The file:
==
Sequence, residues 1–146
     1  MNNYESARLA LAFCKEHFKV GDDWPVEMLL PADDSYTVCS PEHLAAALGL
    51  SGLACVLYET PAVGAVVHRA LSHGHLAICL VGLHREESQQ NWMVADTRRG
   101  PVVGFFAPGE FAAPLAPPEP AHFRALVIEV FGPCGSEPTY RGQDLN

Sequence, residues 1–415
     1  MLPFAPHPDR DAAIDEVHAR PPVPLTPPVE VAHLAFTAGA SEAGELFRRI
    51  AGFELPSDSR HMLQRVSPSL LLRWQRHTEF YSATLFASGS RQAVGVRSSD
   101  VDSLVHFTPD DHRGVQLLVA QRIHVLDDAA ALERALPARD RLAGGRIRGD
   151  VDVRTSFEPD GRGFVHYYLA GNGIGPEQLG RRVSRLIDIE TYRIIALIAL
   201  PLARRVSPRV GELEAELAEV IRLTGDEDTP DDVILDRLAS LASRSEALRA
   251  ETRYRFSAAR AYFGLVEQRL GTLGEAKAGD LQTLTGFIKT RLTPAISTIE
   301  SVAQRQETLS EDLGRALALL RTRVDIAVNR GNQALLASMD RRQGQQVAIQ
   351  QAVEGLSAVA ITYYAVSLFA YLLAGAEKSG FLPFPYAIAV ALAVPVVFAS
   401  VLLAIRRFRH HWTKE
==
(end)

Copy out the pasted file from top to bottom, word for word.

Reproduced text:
Sequence, residues 1–146
     1  MNNYESARLA LAFCKEHFKV GDDWPVEMLL PADDSYTVCS PEHLAAALGL
    51  SGLACVLYET PAVGAVVHRA LSHGHLAICL VGLHREESQQ NWMVADTRRG
   101  PVVGFFAPGE FAAPLAPPEP AHFRALVIEV FGPCGSEPTY RGQDLN

Sequence, residues 1–415
     1  MLPFAPHPDR DAAIDEVHAR PPVPLTPPVE VAHLAFTAGA SEAGELFRRI
    51  AGFELPSDSR HMLQRVSPSL LLRWQRHTEF YSATLFASGS RQAVGVRSSD
   101  VDSLVHFTPD DHRGVQLLVA QRIHVLDDAA ALERALPARD RLAGGRIRGD
   151  VDVRTSFEPD GRGFVHYYLA GNGIGPEQLG RRVSRLIDIE TYRIIALIAL
   201  PLARRVSPRV GELEAELAEV IRLTGDEDTP DDVILDRLAS LASRSEALRA
   251  ETRYRFSAAR AYFGLVEQRL GTLGEAKAGD LQTLTGFIKT RLTPAISTIE
   301  SVAQRQETLS EDLGRALALL RTRVDIAVNR GNQALLASMD RRQGQQVAIQ
   351  QAVEGLSAVA ITYYAVSLFA YLLAGAEKSG FLPFPYAIAV ALAVPVVFAS
   401  VLLAIRRFRH HWTKE